State and Federal Legislative Update: March 17, 2020

State Legislative Update

Overnight, the House and Senate passed a second funding package to address the COVID-19 pandemic. The House passed the bill 108-0, and the Senate passed it 55-0. The legislation, Senate File 4334, includes additional emergency funding of $200 million for hospitals, nursing homes, and other medical professionals to combat the spread of COVID-19.

The emergency Coronavirus funding the Legislature approved last week provided $21 million to support COVID-19 disease investigation, monitor outbreaks, provide public information, coordinate response activities, and conduct laboratory analysis.

Under this legislation, $150 million is appropriated to the Minnesota Department of Health to make grants to eligible providers for costs related to planning for, preparing for, or responding to an outbreak of COVID-19; fund the establishment and operation of temporary sites to provide testing services, to provide treatment beds, or to isolate or quarantine affected individuals to respond to an outbreak of COVID-19; and administer the grant program. The bill defines “eligible provider” as an ambulance service, health care provider, health care clinic, pharmacy, health care facility or long-term care facility, including but not limited to a hospital, nursing facility, or setting where assisted living services or health care services are or may be provided, or health system.

Grants may be used for:

  • establishment and operation of temporary sites to provide testing services, to provide treatment beds, or to isolate or quarantine affected individuals
  • temporary conversion of a space for another purpose that will revert to its original use
  • staff overtime and hiring additional staff
  • staff training and orientation
  • purchasing consumable protective or treatment supplies and equipment to protect or treat staff, visitors, and patients
  • development and implementation of screening and testing procedures
  • patient outreach activities
  • additional emergency transportation of patients
  • temporary IT and systems costs to support patient triage, screening, and telemedicine activities
  • purchasing replacement parts or filters for medical equipment that are necessary for the equipment’s operation
  • specialty cleaning supplies
  • expenses related to the isolation or quarantine of staff (not including wages)
  • other expenses not expected to generate income for the eligible provider after the outbreak ends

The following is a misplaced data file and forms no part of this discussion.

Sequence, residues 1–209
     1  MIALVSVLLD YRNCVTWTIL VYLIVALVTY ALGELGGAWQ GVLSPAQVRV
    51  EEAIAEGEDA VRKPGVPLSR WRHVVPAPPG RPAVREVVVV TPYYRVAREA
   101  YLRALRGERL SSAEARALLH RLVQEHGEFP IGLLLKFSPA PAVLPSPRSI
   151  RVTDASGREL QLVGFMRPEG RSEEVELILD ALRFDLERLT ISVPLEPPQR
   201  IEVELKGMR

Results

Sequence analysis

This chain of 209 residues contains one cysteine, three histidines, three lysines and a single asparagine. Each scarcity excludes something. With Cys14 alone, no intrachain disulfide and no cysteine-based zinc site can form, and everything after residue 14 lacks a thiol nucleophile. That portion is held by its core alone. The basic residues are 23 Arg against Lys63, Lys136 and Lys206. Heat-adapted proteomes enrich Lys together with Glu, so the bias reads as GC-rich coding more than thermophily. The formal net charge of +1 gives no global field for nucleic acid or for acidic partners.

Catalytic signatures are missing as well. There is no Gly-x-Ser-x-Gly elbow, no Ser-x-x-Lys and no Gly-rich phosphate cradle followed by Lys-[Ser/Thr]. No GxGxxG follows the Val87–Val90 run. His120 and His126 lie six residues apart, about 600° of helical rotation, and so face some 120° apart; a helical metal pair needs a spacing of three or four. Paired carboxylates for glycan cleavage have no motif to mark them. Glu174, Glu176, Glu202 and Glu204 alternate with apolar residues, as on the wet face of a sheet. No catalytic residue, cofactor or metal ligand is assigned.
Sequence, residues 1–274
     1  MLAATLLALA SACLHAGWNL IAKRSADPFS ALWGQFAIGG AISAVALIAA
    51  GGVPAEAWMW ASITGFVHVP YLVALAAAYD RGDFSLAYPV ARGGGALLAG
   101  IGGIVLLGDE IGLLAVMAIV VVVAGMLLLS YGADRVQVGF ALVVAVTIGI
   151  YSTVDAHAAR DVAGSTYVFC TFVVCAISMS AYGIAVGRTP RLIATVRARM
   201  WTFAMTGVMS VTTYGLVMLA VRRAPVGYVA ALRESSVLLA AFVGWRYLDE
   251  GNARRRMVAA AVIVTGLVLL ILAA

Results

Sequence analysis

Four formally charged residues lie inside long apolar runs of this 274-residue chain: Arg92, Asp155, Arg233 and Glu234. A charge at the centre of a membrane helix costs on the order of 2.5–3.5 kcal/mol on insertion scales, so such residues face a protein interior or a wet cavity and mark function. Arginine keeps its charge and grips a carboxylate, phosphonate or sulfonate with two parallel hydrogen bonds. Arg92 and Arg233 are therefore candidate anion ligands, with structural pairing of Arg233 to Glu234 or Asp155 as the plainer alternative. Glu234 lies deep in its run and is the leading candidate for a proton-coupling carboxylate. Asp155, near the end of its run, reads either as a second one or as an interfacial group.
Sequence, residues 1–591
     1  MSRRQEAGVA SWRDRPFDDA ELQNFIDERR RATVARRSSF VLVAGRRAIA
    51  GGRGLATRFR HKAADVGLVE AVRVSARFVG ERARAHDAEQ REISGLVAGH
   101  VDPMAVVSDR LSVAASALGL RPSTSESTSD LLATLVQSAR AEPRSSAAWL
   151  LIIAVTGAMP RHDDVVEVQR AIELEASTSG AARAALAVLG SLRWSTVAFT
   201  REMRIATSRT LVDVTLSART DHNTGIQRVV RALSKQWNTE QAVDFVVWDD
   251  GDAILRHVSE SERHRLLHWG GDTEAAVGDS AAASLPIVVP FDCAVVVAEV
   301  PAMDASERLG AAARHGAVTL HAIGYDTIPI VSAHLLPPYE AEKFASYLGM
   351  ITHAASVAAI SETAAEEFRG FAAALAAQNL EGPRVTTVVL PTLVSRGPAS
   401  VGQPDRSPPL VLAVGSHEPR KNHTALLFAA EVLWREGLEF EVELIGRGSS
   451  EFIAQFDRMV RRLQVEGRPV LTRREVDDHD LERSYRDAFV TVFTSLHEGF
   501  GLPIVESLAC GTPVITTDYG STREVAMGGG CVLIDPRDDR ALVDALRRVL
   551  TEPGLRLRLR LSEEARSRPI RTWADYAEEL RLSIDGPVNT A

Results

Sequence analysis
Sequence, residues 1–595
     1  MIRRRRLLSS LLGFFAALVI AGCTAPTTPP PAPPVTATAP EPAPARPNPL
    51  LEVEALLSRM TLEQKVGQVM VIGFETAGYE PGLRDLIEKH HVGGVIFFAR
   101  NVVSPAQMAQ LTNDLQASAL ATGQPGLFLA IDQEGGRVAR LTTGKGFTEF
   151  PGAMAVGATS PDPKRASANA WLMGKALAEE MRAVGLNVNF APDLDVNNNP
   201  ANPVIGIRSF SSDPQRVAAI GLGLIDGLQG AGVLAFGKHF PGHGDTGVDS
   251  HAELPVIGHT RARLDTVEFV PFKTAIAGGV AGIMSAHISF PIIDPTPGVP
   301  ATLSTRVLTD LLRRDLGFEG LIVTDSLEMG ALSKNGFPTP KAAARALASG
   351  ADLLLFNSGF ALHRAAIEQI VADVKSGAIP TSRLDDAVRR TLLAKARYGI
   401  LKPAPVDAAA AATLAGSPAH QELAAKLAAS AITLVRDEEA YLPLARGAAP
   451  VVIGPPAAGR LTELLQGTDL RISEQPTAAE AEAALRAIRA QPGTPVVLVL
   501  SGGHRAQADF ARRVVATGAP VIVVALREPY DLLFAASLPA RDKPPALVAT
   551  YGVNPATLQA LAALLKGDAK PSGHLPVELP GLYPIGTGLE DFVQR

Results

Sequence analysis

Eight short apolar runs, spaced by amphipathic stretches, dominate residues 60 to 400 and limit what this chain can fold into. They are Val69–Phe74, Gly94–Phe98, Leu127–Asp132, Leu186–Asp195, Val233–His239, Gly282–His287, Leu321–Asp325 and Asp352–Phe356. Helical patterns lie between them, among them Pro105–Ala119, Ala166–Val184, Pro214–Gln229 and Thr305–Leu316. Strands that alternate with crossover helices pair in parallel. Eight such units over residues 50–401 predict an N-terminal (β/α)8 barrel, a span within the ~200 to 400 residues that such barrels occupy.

As a condition of accepting a grant, the provider must agree not to bill uninsured patients for the cost of COVID-19 screening, testing, or treatment. If a patient is out-of-network, the provider must agree to accept the median network rate as payment in full.

The bill also includes an additional $50 million for the public health response contingency account. It allows the Minnesota Department of Health, in consultation with hospitals, ambulance services, emergency management, and public health agencies, to make payments from the public health response contingency account to ambulance services, health care clinics, pharmacies, health care facilities and long-term care facilities. This includes, but is not limited to hospitals, nursing facilities, and settings at which assisted living services or health care services are or may be provided, and health systems, for costs that are necessary on an emergency basis to plan for, prepare for, or respond to pandemic influenza or a communicable or infectious disease.

The Legislature also passed a resolution allowing the House and Senate to adjourn for more than three days. The House and Senate will meet in floor and committee session on an on-call basis through April 14. During this time period, the Legislature will only take up legislation on the House and Senate floors by agreement of the House DFL, House GOP, Senate DFL and Senate GOP caucus leaders. 

Federal Legislative Update

Senate looks to approve Coronavirus bill this week

This week the Senate will consider an economic relief plan, backed by President Trump, to deal with the spreading of COVID-19. The House passed a package that includes free testing for everyone who needs it, and two weeks of paid sick leave to allow people with the virus to stay home from work and avoid infecting co-workers. It also includes enhanced jobless benefits, increased food aid for children, senior citizens and food banks, and funding for Medicaid benefits. Speaker Nancy Pelosi said that while the Senate works on the House bill, her chamber’s leaders will begin working on an additional emergency response measure.

Senate Majority Leader Mitch McConnell said in a statement shortly after Saturday’s House vote that the Senate “will need to carefully review” the House measure. “I believe the vast majority of senators in both parties will agree we should act swiftly to secure relief for American workers, families, and small businesses,” he said. Leader McConnell said in a statement Sunday night that more work would likely be needed, and that he has talked to Senate committee heads about next steps. The Senate Health, Education, Labor, and Pensions Committee will hold a second hearing today on the U.S. response to the outbreak. The exact timing of a Senate vote this week is still uncertain. We will provide updates once the Senate acts.